DISTRICT AND PARISH COUNCILS. KINNERTON PARISH. A meeting of the Parish Council was held on Monday evening. Present-Mr. Fryer (in the chair), Messrs. Williams, Evans, Dean, Davies, Hughes, and Tudor. The chief business done was concerning the postal and telegraph arrangements for Higher Kinnerton. To make a full postal office, the postal authorities wished the Council to become guarantors for C5 a year, less the amount of revenue derived from Post Office orders and the Post Office Savings Bank, but not that derived from postal orders. The telegraph department required a guarantee of nl, less the actual receipts, but one half of the deficiency would be paid by the department. They gave an example thus If expenses in any year came to 931, and the revenue to X8, the deficiency would be E23, half of which would be £ 11 10s., which the Council would have to pay. This condition would have to be for seven years. —These terms being considered exorbitant, a resolution was unanimously carried not to accept them. A discussion also arose in regard to the water lying during wet weather on the roads on the way to the station, and also respecting a dangerous footpath. KELSALL PARISH. The quarterly meeting of the Kelsall Parish Council was held in the National School on Monday. There were present Messrs. H. Wright (chairman), George Sutton, Daniel Fleet, George Johnson, James Bosley, and Joseph Astbury, with the Clerk (Mr. R. Clarke). A long discussion took place respecting the nuisance in Simp- son's footpath, and steps decided on for its removal. The chairman and Mr. George Sutton were appointed as a deputation to wait on the postmaster at Chester, and endeavour to get him to grant more facilities for the purchase of stamps, money orders, &c., at the top of the hill, where the number of houses had lately. increased. ELLESMERE PORT PARISH. THE WATER SUPPLY. This meeting was held on Wednesday evening. Mr. W. Stockton presided. The Clerk (Mr. Fleming) read the following letter, re the late scarcity of water :— In reply to your letter I am directed to inform you that the Wirral Rural District Council have been in communication with the Water Company, and have heard from them that they are about to lay a large new main from Hooton to Whitby immediately, and they ask that the supply to Whitby Heath may be deferred until this is done. This Council are fuUy aware of the importance of the matter, and are pressing the company to use the utmost despatch in carrying out their proposed alterations and improvements, and this is all they can do short of providing a supply of water them- selves, which would be a very large order.— Yours, &c., J. E. S. OLLIVE. Office, Cheshire Water Company. Following my letter of the 30th ult., respecting the cause of the short supply of water at Ellesmere Port and Whitby, I am pleased to say that we have re-commenced pumping at Hooton to-day, and that now there should be an increased pressure in the mains at those places. We are commencing to lay large mains to supply Whitby Heath in about eight days.—Yours, Ac., GEO. MILLER, Sec. These letters were considered satisfactory, and the Council proceeded to the next business, which was Mr. Livesley's declaration of acceptance of office as parish councillor. THE GARDENS. The following cheques were passed :—Messrs. Wilson Brothers, Birkenhead, for garden seats, Llii 18s.; Samuel Stanton, wages for work done in the gardens, 93 4s.; Mr. Beckett, taking levels, &c., E3 3s. It was also decided to open all the gates of the garden, and that all day on Sundays the gardens should remain open. FINGER-POSTS WANTED. Mr. WILSON again drew attention to the need of a finger-post at Whitby. Four roads met, and travellers were continually taking the wrong turning. The residents could manage without one, but in the interest of visitors one should be fixed. The CHAIRMAN pointed out that the District Council had been petitioned on the matter, but would do nothing. The Clerk was requested to write again to the District Council and ask them to take the matter up. A NUISANCE. Attention was also drawn to the cartage of lairage manure through the streets during the day. The work was very offensive to the residents. TARPORLEY DISTRICT. The monthly meeting of the Tarporley Urban District Council was held on Thursday. Mr. J. Pickering (vice-chairman) occupied the chair, and there were also present Messrs. Bate, Booth, Clarke, Brooks, McCulloch, Hassall, Symms, and Wrench and Mr. T. Cawley (clerk) and Mr. J. Knight (surveyor).—Mr. Symmsbrought forward the consideration of the water supply to cottages in Utkinton owned by Mr. Henry Finchett-Maddock and the Earl of Haddington, and occupied by John Lightfoot, Ellen Walker, William Bate, Joseph Symms, George Page, Thomas Dickinson, and Joseph Craven. The cottagers were without a proper supply of water, as they incurred great trouble and difficulty in getting their drinking water from a distance. He considered the cottagers could be supplied with the overflow water from Mr. Prince's cistern at the top of Quarry Bank by gravitation. He believed the cost of the necessary pipes would not be very heavy if the outlay was borne by the owners propor- tionately, and he felt sure if the scheme was brought to their notice they would not seriously object to do something in the matter.-Mr. Bate spoke of the need for a proper supply of water being obtained for the cottages, and Mr. Wrench and Mr. Booth respectively stated there was a similar need in Eaton and Rushton, and that there was water which might be similarly utilised for domestic purposes. Ultimately it was resolved, on the motion of Mr. Symms, seconded by Mr. Booth, that the owners of the cottages be requested to give the matter their kind attention. Application having been made for a quota- tion for supplying water to Tilstone Ledge, it was decided to offer to supply the water from the mains at ls. 6d. per 1,000 gallons, Mr. Thelfall to provide and fix all pipes, and if the offer is accepted, the permission of the Liverpool Corporation to the Council's supplying the water be obtained. A letter received from Messrs. Jolliffe and Jolliffo, solicitors, Chester, was read, which stated that, before taking legal proceedings against the Council for the pollution of Captain Griffith's ditch, they wished to suggest that some arrangment be made whereby the drainage might be allowed to flow in its present course until the contemplated sewerage system for Tarporley was perfected and they desired to know whether the Council would be willing to make an arrangement by way of an annual tenancy under rent.—A discussion ensued, and it was stated that. though the Council considered it desirable that the ditch should be relieved of its pollution as soon as possible, and they sympathised with Captain Griffiths in the matter, they could not accede to the suggestion, and change their free posi- tion to one of a tenancy at will; and it was moved by Mr. Bate, seconded by Dr. McCulloch, and resolved, that Messrs. Jolliffe be respectfully informed that the Council were taking remedial measures, but did not see their way to enter into the proposed arrangement, inasmuch as the pollution of the ditch did not arise from drains belonging to the Council, but from drains from private property. The Surveyor was afterwards instructed to give his special attention to seeing that the cesspools were cleaned out. With reference to the proposed sewerage out- fall works at the Flaxyard's Farm, the Clerk reported that Mr. Bell had surveyed the site and staked it out, and it was proposed to test the levels before tae site was finally decided upon. A STORMY MEETING AT NORTHWICH. A meeting of the Northwich Urban Council, held under the presidency of Mr. G. B. Cliff, on Tuesday evening, lasted four and a quarter hours. The principal business was a discussion on the financial position of the authority. It was reported that they were almost at the end of the half-year, and there was a sum of £ 307 owing to the treasurer.—The Chairman of the Finance Committee said the auditor had in- structed the treasurer not to honour any of the Council's cheques which entailed an overdraft, and it amounted to this, that provision would hate to be made for a balance.—A lively dis- cussion followed, during which Mr. Poole contended that there was such a lack of system in the management of the Council's affairs that there would still be a deficiency even if 2d. in the pound were added to the rate. Attention was called to the fact that without any notice six men, who had been engaged on special work, bad been transferred to another department.— A resolution was submitted that the services of these men should be at once dispensed with.- Mr. Nicholson opposed, whereupon Mr. Picker- ing exclaimed that one of the councillors was championing the cause of the men because some of them were his tenants. (Sensation.)— Mr. Nicholson (sternly): Name that councillor, please.—Mr. Pickering: It requires no name.— Mr. Nicholson: I say it does. One of the six men is living under me, and I did not know until I saw him working that he was an employ6 of the Council.-Mr. Williams con- sidered that the lives of councillors would be rendered intolerable if such wholesale charges were to be made.—Eventually a resolution to dismiss the six men was carried, but later the surveyor was empowered to engage six more.— Notice as to the recision of this motion was given, and the matter was left in confusion.— There were other stormy passages during the evening, and Mr. Poole said the rudeness of some of the members was unbearable, and unless the chairman interfered he should absent himself from the meetings.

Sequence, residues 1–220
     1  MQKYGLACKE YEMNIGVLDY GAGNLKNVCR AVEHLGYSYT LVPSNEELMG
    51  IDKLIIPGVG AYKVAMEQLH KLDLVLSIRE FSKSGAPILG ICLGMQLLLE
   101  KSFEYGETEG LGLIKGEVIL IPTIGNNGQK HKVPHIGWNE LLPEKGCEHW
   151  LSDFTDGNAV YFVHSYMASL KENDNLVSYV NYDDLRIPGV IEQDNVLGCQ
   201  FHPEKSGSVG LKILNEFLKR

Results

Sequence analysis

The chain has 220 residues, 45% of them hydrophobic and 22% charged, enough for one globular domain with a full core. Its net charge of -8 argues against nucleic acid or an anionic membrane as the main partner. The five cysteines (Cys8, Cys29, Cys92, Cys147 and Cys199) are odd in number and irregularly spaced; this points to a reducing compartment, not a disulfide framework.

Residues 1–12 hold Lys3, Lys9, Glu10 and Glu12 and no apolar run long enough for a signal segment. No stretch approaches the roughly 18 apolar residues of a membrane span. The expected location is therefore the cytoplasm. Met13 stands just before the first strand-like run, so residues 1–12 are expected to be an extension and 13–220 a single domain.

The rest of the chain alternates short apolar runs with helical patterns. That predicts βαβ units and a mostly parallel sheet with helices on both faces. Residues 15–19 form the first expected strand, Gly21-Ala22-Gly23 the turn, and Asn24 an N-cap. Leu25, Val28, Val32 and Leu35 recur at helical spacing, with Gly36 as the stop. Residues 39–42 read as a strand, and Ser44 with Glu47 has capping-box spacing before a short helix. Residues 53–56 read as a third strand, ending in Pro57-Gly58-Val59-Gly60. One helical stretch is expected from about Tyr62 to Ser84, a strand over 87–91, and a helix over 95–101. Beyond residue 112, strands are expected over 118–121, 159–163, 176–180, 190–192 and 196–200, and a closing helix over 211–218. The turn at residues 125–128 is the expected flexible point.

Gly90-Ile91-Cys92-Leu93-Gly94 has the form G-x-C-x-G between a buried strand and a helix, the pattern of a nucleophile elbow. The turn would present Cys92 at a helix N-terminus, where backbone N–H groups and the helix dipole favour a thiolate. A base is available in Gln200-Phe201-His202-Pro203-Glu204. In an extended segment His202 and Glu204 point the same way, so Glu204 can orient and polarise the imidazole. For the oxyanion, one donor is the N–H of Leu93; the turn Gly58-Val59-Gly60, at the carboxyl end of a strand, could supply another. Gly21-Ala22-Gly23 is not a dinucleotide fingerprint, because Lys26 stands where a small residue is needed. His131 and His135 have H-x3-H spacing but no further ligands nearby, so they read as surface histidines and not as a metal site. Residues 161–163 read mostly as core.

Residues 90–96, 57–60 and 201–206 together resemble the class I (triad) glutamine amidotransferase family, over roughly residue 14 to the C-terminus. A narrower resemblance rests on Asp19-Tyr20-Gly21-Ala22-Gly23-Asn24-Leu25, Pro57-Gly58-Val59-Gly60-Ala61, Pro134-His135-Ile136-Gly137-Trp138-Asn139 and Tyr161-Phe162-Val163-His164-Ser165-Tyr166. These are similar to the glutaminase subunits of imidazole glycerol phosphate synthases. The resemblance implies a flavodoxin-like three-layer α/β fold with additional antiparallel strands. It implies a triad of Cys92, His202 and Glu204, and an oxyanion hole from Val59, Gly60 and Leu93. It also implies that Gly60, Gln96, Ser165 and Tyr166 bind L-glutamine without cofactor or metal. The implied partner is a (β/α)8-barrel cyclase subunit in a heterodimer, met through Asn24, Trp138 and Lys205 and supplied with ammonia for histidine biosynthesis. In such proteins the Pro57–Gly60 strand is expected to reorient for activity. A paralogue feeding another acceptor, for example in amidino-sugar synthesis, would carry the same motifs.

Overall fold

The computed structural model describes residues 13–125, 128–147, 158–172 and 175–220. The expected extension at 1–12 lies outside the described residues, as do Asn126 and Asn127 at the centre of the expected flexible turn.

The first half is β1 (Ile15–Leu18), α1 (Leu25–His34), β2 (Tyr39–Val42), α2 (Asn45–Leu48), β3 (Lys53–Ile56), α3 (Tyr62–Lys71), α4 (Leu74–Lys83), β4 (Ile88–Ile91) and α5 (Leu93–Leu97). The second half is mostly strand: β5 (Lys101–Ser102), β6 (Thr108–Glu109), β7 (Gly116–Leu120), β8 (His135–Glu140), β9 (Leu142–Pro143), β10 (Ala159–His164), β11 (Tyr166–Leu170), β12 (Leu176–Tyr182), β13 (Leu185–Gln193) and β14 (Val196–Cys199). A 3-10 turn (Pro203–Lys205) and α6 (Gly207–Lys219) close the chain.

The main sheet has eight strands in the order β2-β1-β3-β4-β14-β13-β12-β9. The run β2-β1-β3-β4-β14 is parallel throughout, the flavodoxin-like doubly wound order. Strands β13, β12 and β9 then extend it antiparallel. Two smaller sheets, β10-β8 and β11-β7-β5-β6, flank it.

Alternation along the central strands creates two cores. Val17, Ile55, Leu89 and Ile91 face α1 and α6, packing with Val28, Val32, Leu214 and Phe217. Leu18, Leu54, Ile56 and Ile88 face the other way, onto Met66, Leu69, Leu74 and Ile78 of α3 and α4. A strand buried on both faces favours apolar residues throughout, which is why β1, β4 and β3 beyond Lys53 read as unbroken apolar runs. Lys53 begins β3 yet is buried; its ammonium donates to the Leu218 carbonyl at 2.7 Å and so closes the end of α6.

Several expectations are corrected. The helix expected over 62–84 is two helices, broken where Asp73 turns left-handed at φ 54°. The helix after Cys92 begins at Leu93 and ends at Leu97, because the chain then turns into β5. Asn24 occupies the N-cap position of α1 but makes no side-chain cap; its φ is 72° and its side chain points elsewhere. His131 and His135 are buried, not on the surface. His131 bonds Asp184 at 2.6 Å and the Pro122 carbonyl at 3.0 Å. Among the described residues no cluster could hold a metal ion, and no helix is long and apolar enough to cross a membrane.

Armp anti Uolunteer grius. I" LOCAL COMMISSION.-Rifles, 5th Volunteer Battalion Cheshire Regiment: Captain F. V. Starkey is granted the honorary rank of major; dated 29th ult. 1ST CHESHIRE AND CARNARVONSHIRE VOLUN- TEER ARTILLERY.—Regimental orders by Lieut.- Colonel H. T. Brown, commanding. Head- quarters, Chester, 1st October, 1897:—1. Arms to be Returned to Store: All members in possession of carbines or swords will be good enough to return them to the armoury at once, for inspection, prior to being sent to Birmingham. 2. Drills Discontinued: All drills and parades will be discontinued after Satur- day,. the 2nd inst. (except church parade, when due notice will be given) until further orders.— By order, CLAUDE E. FORESTIER WALKER, Captain R.A., Adjutant 1st C. & C.V.A.